What you need to know:
- The assault that took place on January 15 spilled over into the next day, leaving 21 people dead and more than 700 rescued.
- Two suspects yet to appear in court, Ali Salim Gichunge and Violet Kemunto Omwoyo possessed SIM cards that were in "constant communication" with numbers in Somalia, court documents revealed.
Five suspects, including a Canadian citizen, appeared in a Kenyan court Friday in connection with an Islamist attack on a Nairobi hotel complex that left 21 dead.
A magistrate granted a request from the prosecution to detain the four men and one woman for 30 days while investigations continue.
The suspects are accused of "possible involvement in the almost 20-hour siege of the DusitD2 hotel and office complex by a suicide bomber and four gunmen who were all killed by security forces, a court document said.
"The investigations into this matter are complex and transnational and would therefore require sufficient time and resources to uncover the entire criminal syndicate," a statement from Director of Public Prosecutions Noordin Haji said.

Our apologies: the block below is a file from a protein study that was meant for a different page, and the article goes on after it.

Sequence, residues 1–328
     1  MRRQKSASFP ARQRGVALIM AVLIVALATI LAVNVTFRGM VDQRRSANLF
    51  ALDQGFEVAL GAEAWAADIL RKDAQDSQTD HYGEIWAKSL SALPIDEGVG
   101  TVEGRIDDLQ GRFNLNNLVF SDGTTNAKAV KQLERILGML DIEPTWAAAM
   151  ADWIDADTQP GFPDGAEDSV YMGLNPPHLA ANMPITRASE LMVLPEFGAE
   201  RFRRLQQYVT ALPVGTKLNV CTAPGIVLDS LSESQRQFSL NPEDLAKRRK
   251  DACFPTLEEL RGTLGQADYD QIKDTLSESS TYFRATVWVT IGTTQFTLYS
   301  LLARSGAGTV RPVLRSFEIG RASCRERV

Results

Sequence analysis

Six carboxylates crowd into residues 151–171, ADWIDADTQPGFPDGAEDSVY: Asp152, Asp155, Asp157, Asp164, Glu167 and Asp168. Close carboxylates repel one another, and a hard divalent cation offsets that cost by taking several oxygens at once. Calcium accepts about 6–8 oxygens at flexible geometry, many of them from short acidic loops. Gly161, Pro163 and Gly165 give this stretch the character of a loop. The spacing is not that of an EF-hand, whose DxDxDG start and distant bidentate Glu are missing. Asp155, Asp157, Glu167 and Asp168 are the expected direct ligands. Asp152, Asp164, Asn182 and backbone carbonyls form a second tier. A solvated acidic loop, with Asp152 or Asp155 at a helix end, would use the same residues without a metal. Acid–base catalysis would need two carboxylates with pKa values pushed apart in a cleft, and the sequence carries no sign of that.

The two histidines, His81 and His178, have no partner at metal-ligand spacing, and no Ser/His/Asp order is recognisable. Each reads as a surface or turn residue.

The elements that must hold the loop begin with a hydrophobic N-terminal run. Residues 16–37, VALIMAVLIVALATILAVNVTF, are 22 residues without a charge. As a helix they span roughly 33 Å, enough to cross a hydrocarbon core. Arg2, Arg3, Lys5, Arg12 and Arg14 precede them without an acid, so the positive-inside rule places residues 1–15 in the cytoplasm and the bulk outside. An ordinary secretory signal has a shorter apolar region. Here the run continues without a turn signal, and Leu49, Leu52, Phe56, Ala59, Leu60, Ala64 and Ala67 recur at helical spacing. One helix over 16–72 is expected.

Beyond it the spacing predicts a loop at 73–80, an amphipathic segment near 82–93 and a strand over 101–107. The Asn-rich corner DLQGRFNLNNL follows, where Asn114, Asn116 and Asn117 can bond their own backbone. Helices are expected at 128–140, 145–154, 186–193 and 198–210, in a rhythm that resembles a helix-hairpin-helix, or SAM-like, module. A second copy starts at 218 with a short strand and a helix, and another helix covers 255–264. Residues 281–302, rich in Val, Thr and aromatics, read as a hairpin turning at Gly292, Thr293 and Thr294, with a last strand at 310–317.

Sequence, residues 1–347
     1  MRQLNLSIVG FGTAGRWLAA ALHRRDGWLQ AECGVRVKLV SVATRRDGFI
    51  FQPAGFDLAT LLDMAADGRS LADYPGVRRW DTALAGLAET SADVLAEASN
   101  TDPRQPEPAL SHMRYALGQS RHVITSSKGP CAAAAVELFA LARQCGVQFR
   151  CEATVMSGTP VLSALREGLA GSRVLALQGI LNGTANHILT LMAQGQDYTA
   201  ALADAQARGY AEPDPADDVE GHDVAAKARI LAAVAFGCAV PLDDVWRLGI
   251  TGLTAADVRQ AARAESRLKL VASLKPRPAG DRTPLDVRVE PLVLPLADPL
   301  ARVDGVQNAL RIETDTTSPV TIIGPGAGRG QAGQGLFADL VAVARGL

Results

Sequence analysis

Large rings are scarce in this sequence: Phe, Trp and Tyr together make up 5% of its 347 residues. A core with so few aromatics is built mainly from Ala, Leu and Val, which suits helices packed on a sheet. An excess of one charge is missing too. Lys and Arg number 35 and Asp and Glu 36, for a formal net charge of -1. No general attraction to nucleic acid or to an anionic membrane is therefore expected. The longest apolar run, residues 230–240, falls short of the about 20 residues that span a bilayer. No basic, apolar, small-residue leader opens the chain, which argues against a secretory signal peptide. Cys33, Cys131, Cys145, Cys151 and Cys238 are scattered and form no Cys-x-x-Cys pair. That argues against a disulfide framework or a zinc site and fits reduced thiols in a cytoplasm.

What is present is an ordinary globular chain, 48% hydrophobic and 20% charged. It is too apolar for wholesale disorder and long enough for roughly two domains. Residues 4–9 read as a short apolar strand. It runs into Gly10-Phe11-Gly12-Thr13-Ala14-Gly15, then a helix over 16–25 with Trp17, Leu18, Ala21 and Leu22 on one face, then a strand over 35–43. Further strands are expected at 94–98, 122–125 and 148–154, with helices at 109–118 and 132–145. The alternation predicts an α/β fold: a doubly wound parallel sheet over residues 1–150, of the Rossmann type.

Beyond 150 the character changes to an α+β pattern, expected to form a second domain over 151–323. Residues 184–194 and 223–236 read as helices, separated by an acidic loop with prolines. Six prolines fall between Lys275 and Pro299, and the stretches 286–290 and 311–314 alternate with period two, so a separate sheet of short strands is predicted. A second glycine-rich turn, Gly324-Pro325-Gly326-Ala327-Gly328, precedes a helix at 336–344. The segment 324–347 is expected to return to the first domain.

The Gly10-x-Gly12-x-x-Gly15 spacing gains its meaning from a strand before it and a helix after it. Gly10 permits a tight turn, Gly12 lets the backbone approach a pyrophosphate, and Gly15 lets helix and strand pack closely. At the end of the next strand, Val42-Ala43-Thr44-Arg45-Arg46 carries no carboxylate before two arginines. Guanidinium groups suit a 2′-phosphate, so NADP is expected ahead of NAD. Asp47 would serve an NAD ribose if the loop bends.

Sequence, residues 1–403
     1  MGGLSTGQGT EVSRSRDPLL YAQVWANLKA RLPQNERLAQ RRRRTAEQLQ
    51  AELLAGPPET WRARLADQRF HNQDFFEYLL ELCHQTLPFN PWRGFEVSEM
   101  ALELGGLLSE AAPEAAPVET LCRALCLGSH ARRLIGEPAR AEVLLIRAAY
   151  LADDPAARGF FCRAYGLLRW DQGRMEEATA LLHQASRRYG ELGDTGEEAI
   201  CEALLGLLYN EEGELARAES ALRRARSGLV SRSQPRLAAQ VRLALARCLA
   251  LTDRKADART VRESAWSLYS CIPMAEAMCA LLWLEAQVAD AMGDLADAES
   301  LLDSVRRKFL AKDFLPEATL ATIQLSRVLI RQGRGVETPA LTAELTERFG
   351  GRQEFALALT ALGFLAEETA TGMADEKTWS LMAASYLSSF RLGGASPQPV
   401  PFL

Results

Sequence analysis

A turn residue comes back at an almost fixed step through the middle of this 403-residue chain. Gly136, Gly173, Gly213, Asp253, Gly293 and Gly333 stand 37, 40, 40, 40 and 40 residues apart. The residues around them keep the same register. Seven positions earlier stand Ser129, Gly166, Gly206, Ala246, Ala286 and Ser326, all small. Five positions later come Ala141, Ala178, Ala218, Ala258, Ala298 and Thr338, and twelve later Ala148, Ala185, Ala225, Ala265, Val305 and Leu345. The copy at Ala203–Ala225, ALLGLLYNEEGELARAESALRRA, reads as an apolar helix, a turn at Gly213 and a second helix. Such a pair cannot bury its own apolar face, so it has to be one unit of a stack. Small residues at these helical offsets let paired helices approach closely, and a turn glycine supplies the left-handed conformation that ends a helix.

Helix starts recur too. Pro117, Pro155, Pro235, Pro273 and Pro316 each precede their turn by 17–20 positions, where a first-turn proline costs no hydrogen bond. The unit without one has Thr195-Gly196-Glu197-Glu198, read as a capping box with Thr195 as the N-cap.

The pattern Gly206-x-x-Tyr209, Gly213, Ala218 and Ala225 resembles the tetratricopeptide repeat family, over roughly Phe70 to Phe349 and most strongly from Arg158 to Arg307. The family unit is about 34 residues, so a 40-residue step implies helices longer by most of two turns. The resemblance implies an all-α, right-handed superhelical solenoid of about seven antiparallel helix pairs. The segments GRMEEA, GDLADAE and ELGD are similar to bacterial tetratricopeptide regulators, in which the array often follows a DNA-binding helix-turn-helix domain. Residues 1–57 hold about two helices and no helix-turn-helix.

A total of 11 suspects were arrested after Tuesday's attack, however investigations into the others were still ongoing.
Those who appeared in court include Joel Ng'ang'a Wainaina, a taxi driver who ferried the attackers around on several occasions, and Oliver Kanyango Muthee, a taxi driver who drove one of the assailants to the scene of the attack.
Gladys Kaari Justus is being investigated over the transfer of money while Guleid Abdihakim -- who holds Canadian citizenship -- is being probed over suspicious communication.
The other suspect Osman Ibrahim is alleged to have met with one of the attackers on January 8.
Two suspects yet to appear in court, Ali Salim Gichunge and Violet Kemunto Omwoyo possessed SIM cards that were in "constant communication" with numbers in Somalia, court documents revealed.
The attack was claimed by Somali Islamist group Al-Shabaab, an affiliate of Al-Qaeda which has repeatedly targeted Kenya over the presence of its troops in Somalia.
In 2013 an attack on the Westgate mall in Nairobi left 67 dead, while in 2015 Shabaab killed 148 people at a university in Garissa, eastern Kenya.